“I put a move on up that last hill where all my family was cheering,” Diggins said. “I’m really happy. I was just looking for a little redemption and I feel like I got it.”
The second U.S. skier to race to the top 10 was another USST member Sadie Bjornsen.
A day after winning the Stage 3 skate-sprint qualifier and finishing eighth, Bjornsen saw her start position in 11th overall in the Tour as an advantage to her race strategy.
“I had a goal of just staying with Charlotte [Kalla],” said Bjornsen, who started two seconds behind Charlotte Kalla of Sweden, during a post-race interview. “I just kept my eyes on here and held on for dear life, so I was really satisfied.”
Bjornsen skied behind Kalla and ahead of Finland’s Krista Parmakoski and Sweden’s Ida Ingemarsdotter until the final 200 meters of the race, where Parmakoski passed Kalla and Bjornsen. Parmakoski took eighth (+2:45.9), Kalla ninth (+2:49.1), and Bjornsen 10th (+2:49.6).
“I’m feeling good,” Bjornsen said of her result. Overall she’s positioned in 10th at the halfway point of the Tour, 0.5 seconds behind Kalla in ninth and 3.7 seconds behind Parmakoski in eighth.
“It’s a great position to head into Canmore [Alberta] where there’s some super-challenging courses and high altitude, and Western skiing in general I’m looking forward to,” she said.
USST distance specialist Liz Stephen finished with World Cup points in 29th overall (+5:44.7) after starting in bib 26.
“I had trouble, for sure, staying with the pack,” Stephen said afterward. “Starting 25 and in a group can be tough for position. It was a fun day. I fought the whole way, and I’m happy with it. There is a lot more racing to come.”
Much of the racing Stephen referred to includes the next stages of the STC taking place in Canmore.
“The courses in Canmore I think are some of my favorites of all time,” she said. “So I’m really excited to get there, have some more good distance races, and have some really hard courses on home-ish turf.”
In spite of fighting illness during Friday’s sprint, USST member Sophie Caldwell entered Saturday’s pursuit in bib 36 and finished 42nd overall.
“Today wasn’t anything special,” Caldwell said on Saturday. “I was really happy to survive it. I’d really like to race in Canmore and do the sprint in particular. I just wanted to get through today and then use the next two days to get healthy and have a good sprint.”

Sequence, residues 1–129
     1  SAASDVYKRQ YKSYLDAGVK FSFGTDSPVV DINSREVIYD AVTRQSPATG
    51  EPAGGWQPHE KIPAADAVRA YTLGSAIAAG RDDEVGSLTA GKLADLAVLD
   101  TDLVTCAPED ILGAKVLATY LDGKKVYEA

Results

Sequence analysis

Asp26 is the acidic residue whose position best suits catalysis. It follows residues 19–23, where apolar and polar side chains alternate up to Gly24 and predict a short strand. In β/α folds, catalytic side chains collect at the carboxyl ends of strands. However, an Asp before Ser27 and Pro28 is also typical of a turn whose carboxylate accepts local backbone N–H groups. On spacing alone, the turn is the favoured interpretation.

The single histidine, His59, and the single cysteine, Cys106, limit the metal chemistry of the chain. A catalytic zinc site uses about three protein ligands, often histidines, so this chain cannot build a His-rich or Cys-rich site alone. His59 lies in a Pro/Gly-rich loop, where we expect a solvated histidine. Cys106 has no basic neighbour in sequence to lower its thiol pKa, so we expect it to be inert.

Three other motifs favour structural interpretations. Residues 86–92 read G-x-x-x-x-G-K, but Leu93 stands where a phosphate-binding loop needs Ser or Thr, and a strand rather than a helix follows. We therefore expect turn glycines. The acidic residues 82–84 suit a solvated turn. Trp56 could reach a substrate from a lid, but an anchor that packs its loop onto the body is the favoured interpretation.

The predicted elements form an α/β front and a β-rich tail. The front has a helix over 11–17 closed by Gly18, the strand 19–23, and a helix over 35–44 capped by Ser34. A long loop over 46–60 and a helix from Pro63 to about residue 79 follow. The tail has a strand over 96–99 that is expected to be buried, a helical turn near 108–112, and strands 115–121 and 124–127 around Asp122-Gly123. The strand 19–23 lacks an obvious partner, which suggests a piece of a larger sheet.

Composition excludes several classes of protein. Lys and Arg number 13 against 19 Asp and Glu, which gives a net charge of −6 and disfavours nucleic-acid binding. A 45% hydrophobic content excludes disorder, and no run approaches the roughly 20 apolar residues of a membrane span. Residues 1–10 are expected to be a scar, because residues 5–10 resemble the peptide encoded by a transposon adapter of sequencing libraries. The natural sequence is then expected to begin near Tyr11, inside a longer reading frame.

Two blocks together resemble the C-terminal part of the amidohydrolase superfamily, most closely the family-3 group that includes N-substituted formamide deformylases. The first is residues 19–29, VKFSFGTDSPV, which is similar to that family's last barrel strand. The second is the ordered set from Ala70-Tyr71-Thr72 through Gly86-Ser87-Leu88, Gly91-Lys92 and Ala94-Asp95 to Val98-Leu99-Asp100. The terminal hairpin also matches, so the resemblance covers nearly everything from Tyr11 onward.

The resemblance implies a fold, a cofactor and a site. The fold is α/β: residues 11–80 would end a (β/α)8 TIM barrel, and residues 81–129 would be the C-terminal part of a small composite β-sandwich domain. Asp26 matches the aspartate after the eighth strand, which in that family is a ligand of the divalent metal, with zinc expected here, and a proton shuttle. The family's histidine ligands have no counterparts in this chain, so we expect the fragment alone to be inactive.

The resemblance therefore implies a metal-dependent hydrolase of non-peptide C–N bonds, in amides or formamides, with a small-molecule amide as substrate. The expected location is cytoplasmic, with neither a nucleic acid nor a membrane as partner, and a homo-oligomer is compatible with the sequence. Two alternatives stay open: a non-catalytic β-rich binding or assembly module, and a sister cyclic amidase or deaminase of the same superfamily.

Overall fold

Among the American competitors in Stage 4, Rosie Brennan (APU/USST) placed 32nd, Chelsea Holmes (APU) 39th, Ida Sargent (CGRP/USST) 40th, and Caitlin Gregg (Team Gregg/USST) in 44th.
Emily Nishikawa was the first Canadian in 45th overall.
Kaitlynn Miller (USA) finished 47th, Cendrine Browne (CAN) took 49th, Olivia Bouffard-Nesbitt (CAN) 52nd, Katharine Ogden (USA) 54th, Annie Hart (USA) 55th, Dahria Beatty (CAN) 57th, Katherine Stewart-Jones (CAN) 58th, Jennie Bender (USA) 59th, Maya Macisaac-Jones (CAN) 60th, Anna Hicks (CAN) 61st, Jennifer Jackson (CAN) 63rd, Alannah MacLean (CAN) 64th, and Sophie Carrier-Laforte (CAN) 65th.
The next series of races in the Ski Tour Canada includes a classic sprint, a 15/30 k skiathlon, a 10/15 k freestyle interval start, and a 10/15 k classic pursuit in Canmore.
“I wish we had World Cups in North America more often,” Stephen said. “It really makes it fun out here. Huge thanks to the fans for coming all the way up.”
— Gerry Furseth, François Léger Dionne and Harald Zimmer contributed
Gabby Naranja considers herself a true Mainer, having grown up in the northern most part of the state playing hockey and roofing houses with her five brothers. She graduated from Bates College where she ran cross-country, track, and nordic skied. She spent this past winter in Europe and is currently in Montana enjoying all that the U.S. northwest has to offer.